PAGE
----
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LEDs are replacing CFLs which replaced incandescents. Some buying tips.

LED-light-bulb

I was looking at lightbulbs at a Las Vegas Lowe’s. A baffled woman asked me for help in understanding the formidable array of choices. I said, go with LEDs. They last way longer than CFLs, the price is now affordable, light quality is superior, and they don’t put out heat. Here in Vegas, especially in summer, that’s important. Old school light bulbs like incandescents, halogens, and to a lesser extent CFLs, heat up the room forcing the air conditioning to work that much harder. Thus, LEDs save money two ways; by using less power and by not generating heat, which saves on cooling expenses.

LEDs come in various types of color temperature. You probably want Warm White (2700-3000 Kelvin, it should be listed on the box.) which matches incandescents. You might also look for Day Light (5000K), and experiment which you like the best.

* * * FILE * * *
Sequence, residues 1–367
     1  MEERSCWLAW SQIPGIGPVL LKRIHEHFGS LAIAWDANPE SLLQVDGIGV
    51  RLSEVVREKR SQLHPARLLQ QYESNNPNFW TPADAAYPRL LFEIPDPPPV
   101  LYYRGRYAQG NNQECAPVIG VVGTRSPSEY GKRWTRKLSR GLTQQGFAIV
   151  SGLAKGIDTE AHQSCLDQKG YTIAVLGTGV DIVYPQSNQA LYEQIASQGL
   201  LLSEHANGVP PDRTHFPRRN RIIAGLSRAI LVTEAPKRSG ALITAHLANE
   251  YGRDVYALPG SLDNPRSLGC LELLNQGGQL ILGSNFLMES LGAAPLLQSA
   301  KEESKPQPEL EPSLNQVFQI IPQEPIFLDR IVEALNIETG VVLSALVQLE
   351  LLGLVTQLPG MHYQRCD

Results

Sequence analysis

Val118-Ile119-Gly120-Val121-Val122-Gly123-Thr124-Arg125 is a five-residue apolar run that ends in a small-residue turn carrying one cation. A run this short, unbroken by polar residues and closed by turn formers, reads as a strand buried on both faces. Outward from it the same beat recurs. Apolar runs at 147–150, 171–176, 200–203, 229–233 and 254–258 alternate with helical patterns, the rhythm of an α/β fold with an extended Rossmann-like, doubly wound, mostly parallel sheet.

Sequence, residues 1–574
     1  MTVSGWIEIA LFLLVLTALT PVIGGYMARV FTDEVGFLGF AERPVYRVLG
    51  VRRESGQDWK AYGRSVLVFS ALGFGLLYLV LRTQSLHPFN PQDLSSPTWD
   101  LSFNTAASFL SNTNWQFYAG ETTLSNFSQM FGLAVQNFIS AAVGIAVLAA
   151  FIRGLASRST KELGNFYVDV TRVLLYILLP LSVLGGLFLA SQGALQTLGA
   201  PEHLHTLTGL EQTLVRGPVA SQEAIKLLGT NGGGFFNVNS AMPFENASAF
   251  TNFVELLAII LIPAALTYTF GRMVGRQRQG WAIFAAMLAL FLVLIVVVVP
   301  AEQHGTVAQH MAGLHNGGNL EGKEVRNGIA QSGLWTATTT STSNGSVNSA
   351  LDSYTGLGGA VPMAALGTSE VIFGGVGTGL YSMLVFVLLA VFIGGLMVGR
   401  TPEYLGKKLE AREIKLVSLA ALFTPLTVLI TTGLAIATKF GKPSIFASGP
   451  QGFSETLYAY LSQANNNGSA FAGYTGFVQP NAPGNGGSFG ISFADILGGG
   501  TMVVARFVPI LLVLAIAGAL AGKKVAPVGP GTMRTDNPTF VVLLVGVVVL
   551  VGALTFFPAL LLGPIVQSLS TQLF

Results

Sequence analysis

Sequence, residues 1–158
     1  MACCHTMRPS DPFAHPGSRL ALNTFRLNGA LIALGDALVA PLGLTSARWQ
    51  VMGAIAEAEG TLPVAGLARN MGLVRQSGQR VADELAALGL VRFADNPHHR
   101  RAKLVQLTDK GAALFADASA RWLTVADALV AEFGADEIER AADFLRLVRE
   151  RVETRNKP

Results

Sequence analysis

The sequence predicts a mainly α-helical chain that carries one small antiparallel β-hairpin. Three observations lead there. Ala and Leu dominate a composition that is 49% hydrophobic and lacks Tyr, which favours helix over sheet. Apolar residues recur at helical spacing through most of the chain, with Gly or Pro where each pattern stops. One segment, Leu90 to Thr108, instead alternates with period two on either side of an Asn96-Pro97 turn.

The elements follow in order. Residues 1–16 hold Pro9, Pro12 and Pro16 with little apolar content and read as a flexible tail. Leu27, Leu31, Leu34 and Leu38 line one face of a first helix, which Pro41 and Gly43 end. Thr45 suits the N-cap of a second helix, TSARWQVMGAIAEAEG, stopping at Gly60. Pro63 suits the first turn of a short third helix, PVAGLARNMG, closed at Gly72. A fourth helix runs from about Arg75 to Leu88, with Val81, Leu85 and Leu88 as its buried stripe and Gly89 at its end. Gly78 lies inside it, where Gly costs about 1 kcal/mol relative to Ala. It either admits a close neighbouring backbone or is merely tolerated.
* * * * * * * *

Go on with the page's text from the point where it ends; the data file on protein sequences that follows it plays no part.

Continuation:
I swapped three 60w equivalent CFLs in the bedroom for three 60w equivalent Warm White LEDS. The difference was dramatic. The LED light was stronger, clearer, and yes, warmer. The room is now vastly better illuminated. I also replaced two incandescents in a closet with the same type of LED with similar results. It’s much easier to see in the closet now.

Incandescent light bulbs have been phased out in the US except for specialty bulbs. Halogens produce strong light, along with substantial heat (and have been banned as fire hazards in some retirement homes because of this.) CFLs contain mercury and many complain about the quality of the light. Clearly, CFLs were a transitional product. I don’t see anything replacing LEDs. The quality will continue to improve as prices drop.

Plus, you can do way-fun things with them, like remote controlled LEDs that change color, etc.

  • Michelle Klein-Hass

    Good for photographic and video uses too…no flicker!

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